The History of Camels

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Status: In Progress  |  Genre: Non-Fiction  |  House: Booksie Classic

Featured Review on this writing by LE. Berry


The History of Camels

Obscure Fact: Camels have canine-like Tusks

 

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Photo byAlexas_Fotos onUnsplash

 


Camels live in inverse locations to where they used to be, first in North America, (the middle Eocene) 45 million years ago; before the ice age. By 35 million years ago, camelids such as Poebrotherium had lost the two lateral toes and were about the size of a modern goat.

 

Two to three million years ago, representatives from North American went to Asia through the Isthmus of Panama, leaving behind camels. There was a high arctic camel from this time period documented in the far northern reaches of Canada.

 

They remained in North American until the recent geological past and then disappeared. This is thought to be the result of hunting, habitat alterations of early settlers, possible changing environmental conditions or a combination of factors. 

 

Camels are members of the Camelidae family, the only currently living member of the suborder Tylopoda. The extant (still living) members, of this group, are dromedary camels, Bactrian camels, wild Bactrian camels, llamas, alpacas, vicunas, and guanacos. 

 

They are even-toed ungulates (chew their cud), classified in the order Cetartiodactyla, along with pigs, whales, deer, cattle, antelope, and others. 

 

Camelids are large, herbivorous animals with slender necks and long legs. They differ from rudiments(like cattle), by their teeth. They have tusk-like premolars, canine-like tusks along with molars.

 

Their musculature of the hind limbs differs from ungulates in that their legs are attached only at the top of the thigh, making it possible for them to kneel down. 

 

They have three-chambered stomachs rather than four. They have split lips that they can use independently.

 

Their red blood cells are elliptical, they have a unique type of antibodies, which lack the light chain, in addition to normal antibodies found in other mammals. Their heavy-chain antibodies are being used to develop single-domain antibodies with potential pharmaceutical applications.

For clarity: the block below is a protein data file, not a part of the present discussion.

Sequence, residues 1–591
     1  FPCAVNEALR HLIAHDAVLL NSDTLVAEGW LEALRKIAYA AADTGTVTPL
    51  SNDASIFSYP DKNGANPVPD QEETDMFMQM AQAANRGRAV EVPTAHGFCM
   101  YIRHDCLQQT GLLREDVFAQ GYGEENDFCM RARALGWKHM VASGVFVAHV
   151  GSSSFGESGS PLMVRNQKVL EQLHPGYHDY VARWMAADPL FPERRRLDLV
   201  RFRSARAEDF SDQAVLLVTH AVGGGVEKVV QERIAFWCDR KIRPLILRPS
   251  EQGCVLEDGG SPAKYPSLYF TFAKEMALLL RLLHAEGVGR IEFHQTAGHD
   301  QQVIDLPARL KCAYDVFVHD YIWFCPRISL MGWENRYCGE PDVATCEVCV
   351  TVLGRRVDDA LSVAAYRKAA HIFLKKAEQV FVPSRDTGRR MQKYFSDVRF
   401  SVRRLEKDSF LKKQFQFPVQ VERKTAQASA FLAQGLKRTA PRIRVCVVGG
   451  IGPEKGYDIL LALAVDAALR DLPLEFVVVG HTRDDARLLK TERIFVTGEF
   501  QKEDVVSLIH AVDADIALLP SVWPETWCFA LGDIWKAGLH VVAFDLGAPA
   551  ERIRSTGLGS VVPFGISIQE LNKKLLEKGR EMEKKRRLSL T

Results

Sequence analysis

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Photograph: Wikipedia.



 

They don’t have hooves but two-toed feet (tylopoda, Greek for padded foot). In South America, they are adapted to steep and rocky terrain. Their pads and toes can maintain grip. Fossil camelids were hooved.

 

Camelids are similar behaviorally, including their gait with both legs on the same side moved simultaneously. They walk with a swaying motion.

 

Three Afro-Asian camels have adapted to harsh, near-waterless environments. Bactrian camels are even able to drink brackish water, some herds living in nuclear test areas. 

 

Fossil camelids of North America show a wider variety.  Titanotylopus 3.5 m as compared with 2 ms for the largest modern camelid. Other extinct camelids are a small gazelle-like (Stenomylu) and very tall giraffe-like camelids Aepycamelus and Oxydactylus. 

 

There is an interesting debate about whether camels were actually used domestically in Biblical times. What fossils are available now show they were used in the 2nd millennium B.C. The indentation on the bones showed they carried packs. It is expected that more fossils will be found in different areas in the future.

 

……………………………………………………………………………………………

Shirley Langton 2020

 


Submitted: November 23, 2020

© Copyright 2021 Shirley M. Langton. All rights reserved.

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Comments

LE. Berry

Interesting piece Shirley...

Tue, November 24th, 2020 10:57pm

Author
Reply

Thanks again. Shirley

Tue, November 24th, 2020 3:14pm

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